Banksy's Grim Reaper has been removed from its nautical nightclub home and will set sail for a museum after conservation workClick on the picture to launch the gallery
The boat’s current dry dock maintenance, which only happens once every eight years, has given blowtorch-bearing workmen the opportunity to remove the macabre figure, cutting it from the steel hull as part of an agreement which will see the work loaned to Bristol Museums, Galleries and Archives and displayed at M Shed within “weeks or months”.
“We really wanted to make sure that, although it is being removed from its intended setting, people could still see it for free and will now get a better view of it,” says George Adkins, of music promoters DHP Family, the Thekla owners who hope it will “preserve the image” of a club known as the Old Profanity Swanboat when it opened in 1984.
“It is great that we have been able to work with Bristol City council to display this iconic Bristol artwork.
“To be clear, we have no intention of selling the Banksy – we just wanted to preserve the piece of art before it deteriorated too much. We wouldn’t have had another opportunity to do this for a further eight years.”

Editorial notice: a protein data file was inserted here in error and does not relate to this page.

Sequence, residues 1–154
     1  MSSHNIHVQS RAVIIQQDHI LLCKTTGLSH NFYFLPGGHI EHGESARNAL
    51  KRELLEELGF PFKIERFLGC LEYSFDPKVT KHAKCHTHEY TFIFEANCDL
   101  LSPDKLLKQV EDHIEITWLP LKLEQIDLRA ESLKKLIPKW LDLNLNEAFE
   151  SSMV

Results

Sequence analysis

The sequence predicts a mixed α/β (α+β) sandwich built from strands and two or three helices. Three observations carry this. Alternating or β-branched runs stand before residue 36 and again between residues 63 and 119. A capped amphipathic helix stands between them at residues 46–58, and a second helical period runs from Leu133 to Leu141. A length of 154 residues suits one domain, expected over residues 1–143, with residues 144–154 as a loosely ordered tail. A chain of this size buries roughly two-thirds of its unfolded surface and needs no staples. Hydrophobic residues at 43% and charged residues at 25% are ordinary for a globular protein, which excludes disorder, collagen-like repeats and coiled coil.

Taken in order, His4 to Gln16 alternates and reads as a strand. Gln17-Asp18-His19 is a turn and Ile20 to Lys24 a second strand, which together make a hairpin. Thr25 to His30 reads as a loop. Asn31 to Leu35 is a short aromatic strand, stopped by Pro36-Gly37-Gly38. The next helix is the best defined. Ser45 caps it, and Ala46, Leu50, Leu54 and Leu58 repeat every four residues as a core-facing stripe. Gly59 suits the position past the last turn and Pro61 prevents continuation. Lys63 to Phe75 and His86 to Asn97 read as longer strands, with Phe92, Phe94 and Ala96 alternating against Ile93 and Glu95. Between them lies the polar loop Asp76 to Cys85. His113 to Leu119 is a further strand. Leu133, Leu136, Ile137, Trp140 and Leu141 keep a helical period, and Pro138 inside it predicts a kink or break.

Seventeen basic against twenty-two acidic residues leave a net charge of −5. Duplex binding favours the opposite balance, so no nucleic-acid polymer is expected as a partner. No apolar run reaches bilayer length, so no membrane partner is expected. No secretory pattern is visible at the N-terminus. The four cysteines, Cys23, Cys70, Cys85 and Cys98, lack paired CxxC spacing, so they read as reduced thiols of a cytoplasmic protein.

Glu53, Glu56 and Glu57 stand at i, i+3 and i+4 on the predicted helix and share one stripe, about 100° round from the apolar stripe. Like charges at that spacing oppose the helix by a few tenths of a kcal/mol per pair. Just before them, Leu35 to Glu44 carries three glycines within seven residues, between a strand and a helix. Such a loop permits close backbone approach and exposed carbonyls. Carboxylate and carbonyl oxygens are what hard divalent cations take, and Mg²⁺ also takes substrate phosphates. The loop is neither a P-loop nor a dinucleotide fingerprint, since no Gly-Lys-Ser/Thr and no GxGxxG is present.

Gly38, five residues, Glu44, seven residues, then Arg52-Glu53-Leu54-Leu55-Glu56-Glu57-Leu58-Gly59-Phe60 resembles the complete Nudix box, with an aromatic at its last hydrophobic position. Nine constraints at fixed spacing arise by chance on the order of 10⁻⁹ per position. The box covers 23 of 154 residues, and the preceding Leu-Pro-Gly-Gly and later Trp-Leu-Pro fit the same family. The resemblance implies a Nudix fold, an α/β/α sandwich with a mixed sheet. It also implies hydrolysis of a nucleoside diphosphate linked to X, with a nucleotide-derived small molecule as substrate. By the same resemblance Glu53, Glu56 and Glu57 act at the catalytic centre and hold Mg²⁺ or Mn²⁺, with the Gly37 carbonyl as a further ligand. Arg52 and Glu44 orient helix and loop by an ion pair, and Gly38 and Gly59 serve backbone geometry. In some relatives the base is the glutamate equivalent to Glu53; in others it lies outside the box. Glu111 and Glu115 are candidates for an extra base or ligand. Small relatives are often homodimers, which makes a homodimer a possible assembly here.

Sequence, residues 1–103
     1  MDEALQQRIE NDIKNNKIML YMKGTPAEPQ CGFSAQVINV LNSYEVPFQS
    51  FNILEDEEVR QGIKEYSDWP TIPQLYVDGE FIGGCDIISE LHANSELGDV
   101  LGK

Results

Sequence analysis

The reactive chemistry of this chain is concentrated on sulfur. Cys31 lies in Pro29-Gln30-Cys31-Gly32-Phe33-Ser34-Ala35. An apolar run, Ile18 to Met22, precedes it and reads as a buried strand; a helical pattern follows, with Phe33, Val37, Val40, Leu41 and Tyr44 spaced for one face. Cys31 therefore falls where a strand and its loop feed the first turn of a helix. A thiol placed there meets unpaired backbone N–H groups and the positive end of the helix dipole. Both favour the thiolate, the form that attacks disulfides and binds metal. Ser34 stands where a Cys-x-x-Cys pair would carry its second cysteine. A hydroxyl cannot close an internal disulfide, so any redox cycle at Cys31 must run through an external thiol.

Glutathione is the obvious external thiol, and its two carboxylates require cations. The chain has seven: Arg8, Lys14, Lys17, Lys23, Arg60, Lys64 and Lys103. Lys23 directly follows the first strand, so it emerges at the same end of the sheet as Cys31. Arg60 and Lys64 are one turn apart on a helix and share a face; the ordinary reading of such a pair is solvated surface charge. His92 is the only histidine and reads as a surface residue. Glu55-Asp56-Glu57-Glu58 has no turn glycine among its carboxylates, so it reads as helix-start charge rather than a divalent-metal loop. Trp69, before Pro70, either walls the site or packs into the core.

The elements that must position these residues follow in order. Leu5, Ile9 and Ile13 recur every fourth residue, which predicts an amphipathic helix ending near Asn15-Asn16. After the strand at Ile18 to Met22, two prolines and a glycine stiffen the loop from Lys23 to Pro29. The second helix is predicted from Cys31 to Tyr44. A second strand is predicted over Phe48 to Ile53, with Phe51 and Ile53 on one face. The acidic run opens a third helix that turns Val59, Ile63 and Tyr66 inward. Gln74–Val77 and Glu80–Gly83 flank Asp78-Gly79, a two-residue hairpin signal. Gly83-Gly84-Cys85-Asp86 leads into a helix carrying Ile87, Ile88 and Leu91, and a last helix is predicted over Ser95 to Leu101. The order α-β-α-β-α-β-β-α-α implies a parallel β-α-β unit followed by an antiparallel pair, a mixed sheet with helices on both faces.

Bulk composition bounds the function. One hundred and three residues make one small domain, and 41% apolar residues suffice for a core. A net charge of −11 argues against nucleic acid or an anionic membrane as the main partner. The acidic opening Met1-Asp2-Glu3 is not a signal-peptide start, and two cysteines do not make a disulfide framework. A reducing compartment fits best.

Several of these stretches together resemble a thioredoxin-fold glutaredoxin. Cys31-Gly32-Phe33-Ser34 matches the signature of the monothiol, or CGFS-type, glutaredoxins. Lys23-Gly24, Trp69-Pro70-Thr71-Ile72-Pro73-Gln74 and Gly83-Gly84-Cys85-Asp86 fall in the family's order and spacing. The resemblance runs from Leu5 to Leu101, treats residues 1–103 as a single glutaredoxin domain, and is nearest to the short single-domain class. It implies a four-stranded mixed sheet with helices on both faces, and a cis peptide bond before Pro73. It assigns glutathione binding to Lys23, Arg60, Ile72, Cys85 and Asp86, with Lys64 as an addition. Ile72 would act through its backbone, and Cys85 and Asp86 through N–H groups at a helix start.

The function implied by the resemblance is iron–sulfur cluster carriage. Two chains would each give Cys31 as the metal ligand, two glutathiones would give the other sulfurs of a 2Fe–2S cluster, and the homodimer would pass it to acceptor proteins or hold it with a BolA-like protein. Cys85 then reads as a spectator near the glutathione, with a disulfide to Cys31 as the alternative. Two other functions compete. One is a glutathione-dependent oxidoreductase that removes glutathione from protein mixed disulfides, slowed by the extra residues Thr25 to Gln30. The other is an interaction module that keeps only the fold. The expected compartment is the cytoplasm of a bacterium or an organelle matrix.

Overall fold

One interested observer, George Ferguson, the city’s Mayor, is looking forward to scrutinising the reaper.
“I have so enjoyed watching Banksy move from zero to hero,” he enthuses.
“His Grim Reaper has been one of Bristol harbour’s more familiar residents on the hull of the famous Thekla nightclub for the past 10 years or so.
“I would like to thank the DHP Family for entrusting the threatened work to the safe hands of the Bristol Museums team so it can now be preserved for future generations.”
Arena-filling bands including Foals and The xx have played on the boat since it was taken over by DHP in 2006. More than 240 plays, comedy and poetry gigs previously took place on board, when it also played a part in the emergence of Bristol’s famed drum and bass scene.
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